Reviewed by Glenn Erickson
This documentary production was suggested as a companion piece to George Stevens'
The Diary of Anne Frank, but it
stands by itself. We're given a keenly observed portrait of a mischievous, somewhat troublesome
but adorable little girl struggling to live under terrible circumstances. The true account of
Anne Frank's short life as recalled by her surviving friends and relatives is actually more
I can't imagine a more thorough look at this subject, or one done in better taste. Jon Blair allied
himself with the Anne Frank House in Amsterdam, a museum of the girl's life, and there is more than
photo and filmed coverage here to tell the story. What's more, by being told
from many points of view - from Miep Gies, the woman who hid the Franks and their friends, and
a couple of surviving girlfriends, we get a deeper picture of the girl whose diary became a
document of the entire holocaust.
Blair's interviews are shot in Amsterdam and in the various camps that Anne was sent to after her
capture. We get a full picture of her family's past and her father's business dealings and the
sad reasons he thought Holland would be a safe haven from the Nazis. Anne Frank Remembered is
only a little more than half over when the Franks are captured - and the docu continues with the
full account of the family's splitting up in the camps and their terrible fates. There are even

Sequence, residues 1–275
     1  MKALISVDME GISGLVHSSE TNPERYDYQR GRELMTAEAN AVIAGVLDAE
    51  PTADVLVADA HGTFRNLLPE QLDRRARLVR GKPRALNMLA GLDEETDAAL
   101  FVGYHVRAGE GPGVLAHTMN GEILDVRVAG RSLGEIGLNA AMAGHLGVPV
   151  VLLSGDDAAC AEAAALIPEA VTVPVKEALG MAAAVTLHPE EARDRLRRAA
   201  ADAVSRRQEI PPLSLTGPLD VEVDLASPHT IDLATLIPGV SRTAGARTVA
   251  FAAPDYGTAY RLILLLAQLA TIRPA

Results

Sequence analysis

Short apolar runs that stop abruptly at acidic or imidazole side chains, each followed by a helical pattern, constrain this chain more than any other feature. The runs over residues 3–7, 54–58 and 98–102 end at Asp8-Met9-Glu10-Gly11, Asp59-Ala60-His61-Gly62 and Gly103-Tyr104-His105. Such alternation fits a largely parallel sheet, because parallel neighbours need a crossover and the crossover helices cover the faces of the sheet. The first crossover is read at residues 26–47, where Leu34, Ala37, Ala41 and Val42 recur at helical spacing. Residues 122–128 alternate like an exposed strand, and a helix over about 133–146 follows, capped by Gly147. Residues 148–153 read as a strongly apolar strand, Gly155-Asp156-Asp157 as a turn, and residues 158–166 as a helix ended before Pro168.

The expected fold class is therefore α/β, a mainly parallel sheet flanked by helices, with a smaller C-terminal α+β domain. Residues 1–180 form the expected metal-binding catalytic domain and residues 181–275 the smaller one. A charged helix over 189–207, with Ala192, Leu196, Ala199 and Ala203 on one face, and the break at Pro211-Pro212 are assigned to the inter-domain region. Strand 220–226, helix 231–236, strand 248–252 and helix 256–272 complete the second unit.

eyewitness interviews with campmates who saw her not long before she died. It's better than just
touching or heart-tugging, it's the compelling truth told clearly and simply.
The narration by Kenneth Branagh is even and free of unnecessary dramatics. Glenn Close reads the
extracts from the famous diary. The photography is excellent and the personalities we meet charming.
It isn't a sob-fest or a testimonial rally - several witnesses are quick to point out that little
Anne was a willful little troublemaker (we only like her more when we hear about this) and that her
diary was probably biased and unfair about the old dentist she had to share a room with. But we
Sony TriStar's DVD of Anne Frank Remembered looks and sounds great and comes off as a
superior docu in every way. English and Spanish subs will aid the hearing-challenged. There
aren't any extras, however.
Director Jon Blair saves his best stroke for the end. When the story wraps up and we're
thinking about the loss to poor Otto Frank, we suddenly see some home movies from 1941, taken at the
apartment building where the Franks lived. Some newlyweds come down the steps, and then the
home movie buff takes a couple of shots up at people looking out of windows and watching the
little scene in the street. That's when we get a brief look at the only known moving-picture
footage of Anne peering out of a window, younger than when she wrote her diaries but just as
curious. It's a great ending.
On a scale of Excellent, Good, Fair, and Poor,
Anne Frank Remembered rates:
Packaging: Keep case
Reviewed: March 8, 2004
DVD Savant Text © Copyright 2007 Glenn Erickson